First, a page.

Stars shine on USD's new School of Peace Studies

SAN DIEGO, Oct. 17, 2007 – Making peace begins one person at a time and spreads from there. That feeling was echoed by actor and activist Martin Sheen and Dean William (Bill) Headley during the University of San Diego’s launch of the Joan B. Kroc School of Peace Studies Oct. 17.

“The mandate is to change the world and that begins with ourselves,” Sheen said. “If we can change one individual to make peace with themselves it’s very, very contagious. And once you become comfortable as a peacemaker it becomes something instinctual, because we know very clearly what the alternative is.”

Sheen was joined by Catholic Relief Services President Ken Hackett as special guests for the ceremony to officially inaugurate the new school – the only one of its kind in the nation dedicated to the study of peace and justice.

During his keynote address, Dean Headley charged everyone in the attendance as being peace builders who can take small strides to meet a larger goal of finding solutions to end world conflict. The platform of the school, which includes the established Joan B. Kroc Institute for Peace & Justice and the Trans-Border Institute, is to educate and empower a young generation of peace builders. It will focus on peacemaking, peace building and peacekeeping efforts as students and world leaders are trained to solve world conflict.

Headley recalled the words of the late Dorothy Day, a social activist and founder of the Catholic Worker movement, when she spoke of the need for an “oasis - the little cell of joy and peace in a hurried world.”

“An oasis is a good metaphor, in some ways, for what we want to do in this new school,” the dean said. “The dictionary defines an oasis as an ‘area in a desert made fertile by groundwater or irrigation.’ It’s here. We have it right here in this building.”

Students from various corners of the world will work together with the common bond of bringing a reality of peace and justice before a global audience.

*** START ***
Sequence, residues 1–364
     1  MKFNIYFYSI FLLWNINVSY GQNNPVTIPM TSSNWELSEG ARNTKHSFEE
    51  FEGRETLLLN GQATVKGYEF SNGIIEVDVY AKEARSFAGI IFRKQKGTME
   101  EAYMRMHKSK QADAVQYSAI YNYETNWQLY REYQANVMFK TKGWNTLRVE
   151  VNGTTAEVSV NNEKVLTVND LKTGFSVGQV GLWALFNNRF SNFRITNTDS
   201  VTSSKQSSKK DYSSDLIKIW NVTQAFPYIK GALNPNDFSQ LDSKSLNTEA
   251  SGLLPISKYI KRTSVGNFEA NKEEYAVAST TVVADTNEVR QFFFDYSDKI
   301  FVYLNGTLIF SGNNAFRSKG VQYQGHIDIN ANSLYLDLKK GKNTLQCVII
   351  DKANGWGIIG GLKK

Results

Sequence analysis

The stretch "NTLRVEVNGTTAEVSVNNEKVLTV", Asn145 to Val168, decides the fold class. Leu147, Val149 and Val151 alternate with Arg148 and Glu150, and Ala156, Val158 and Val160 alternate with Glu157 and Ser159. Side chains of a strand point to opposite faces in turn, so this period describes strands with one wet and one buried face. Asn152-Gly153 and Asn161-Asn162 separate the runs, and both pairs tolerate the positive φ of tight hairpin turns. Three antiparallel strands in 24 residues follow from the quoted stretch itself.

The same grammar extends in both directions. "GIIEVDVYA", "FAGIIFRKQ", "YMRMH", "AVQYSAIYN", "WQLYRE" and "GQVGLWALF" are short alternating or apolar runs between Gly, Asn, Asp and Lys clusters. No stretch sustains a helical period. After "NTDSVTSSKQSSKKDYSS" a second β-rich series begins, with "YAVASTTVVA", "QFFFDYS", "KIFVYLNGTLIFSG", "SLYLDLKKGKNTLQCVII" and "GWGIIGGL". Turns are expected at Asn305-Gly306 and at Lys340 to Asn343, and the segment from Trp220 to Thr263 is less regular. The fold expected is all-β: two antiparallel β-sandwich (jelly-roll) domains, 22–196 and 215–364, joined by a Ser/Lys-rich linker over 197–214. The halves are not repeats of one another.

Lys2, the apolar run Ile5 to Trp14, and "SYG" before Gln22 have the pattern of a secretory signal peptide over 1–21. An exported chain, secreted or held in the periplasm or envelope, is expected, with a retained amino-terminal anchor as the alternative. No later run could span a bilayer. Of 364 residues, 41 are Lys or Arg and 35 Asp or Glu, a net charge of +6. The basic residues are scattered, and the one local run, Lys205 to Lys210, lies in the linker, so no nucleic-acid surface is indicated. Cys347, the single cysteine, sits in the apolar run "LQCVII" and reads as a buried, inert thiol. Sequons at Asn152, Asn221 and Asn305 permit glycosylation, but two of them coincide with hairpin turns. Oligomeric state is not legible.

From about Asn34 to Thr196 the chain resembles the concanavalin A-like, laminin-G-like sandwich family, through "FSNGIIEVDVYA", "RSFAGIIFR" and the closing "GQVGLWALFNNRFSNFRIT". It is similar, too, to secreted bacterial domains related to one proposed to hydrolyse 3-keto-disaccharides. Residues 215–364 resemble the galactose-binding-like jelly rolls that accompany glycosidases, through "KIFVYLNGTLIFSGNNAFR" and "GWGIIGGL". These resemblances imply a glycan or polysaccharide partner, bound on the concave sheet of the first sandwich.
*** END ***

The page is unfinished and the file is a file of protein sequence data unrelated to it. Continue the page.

“Peace has a way of igniting a great light in the world, and it is because there is so much darkness from the violence and the hatred,” said Sheen. “It’s primarily based on fear and ignorance. There are students here from Sierra Leone, Uganda, Kenya and Palestinian territories. That’s amazing! Can you imagine several Palestinian students coming here with some Israeli students and what their future is going to be? It will not be what it is now.”

USD President Dr. Mary Lyons presented Sheen and Hackett with the university’s first Medal of Peace honors “for their heroic acts on behalf of peace.”

About the University of San Diego

The University of San Diego is a Catholic institution of higher learning chartered in 1949; the school enrolls approximately 7,500 students and is known for its commitment to teaching, the liberal arts, the formation of values and community service. The inauguration of the Joan B. Kroc School of Peace Studies will bring the university’s total number of schools and colleges to six. Other academic divisions include the College of Arts and Sciences and the schools of Business Administration, Law, Leadership and Education Sciences, and Nursing and Health Science.


About the University of San Diego

The University of San Diego sets the standard for an engaged, contemporary Catholic university where innovative Changemakers confront humanity’s urgent challenges. With more than 8,000 students from 75 countries and 44 states, USD is the youngest independent institution on the U.S. News & World Report list of top 100 universities in the United States. USD’s eight academic divisions include the College of Arts and Sciences, the School of Business, the Shiley-Marcos School of Engineering, the School of Law, the School of Leadership and Education Sciences, the Hahn School of Nursing and Health Science, the Joan B. Kroc School of Peace Studies, and the Division of Professional and Continuing Education. USD recently concluded our successful $317M Leading Change: The Campaign for USD, which represented the most ambitious fundraising effort in the history of the university. In September 2016, USD introduced Envisioning 2024, a strategic plan that capitalizes on the university’s recent progress and aligns new strategic goals with current strengths to help shape a vision for the future as the university looks ahead to its 75th anniversary in the year 2024.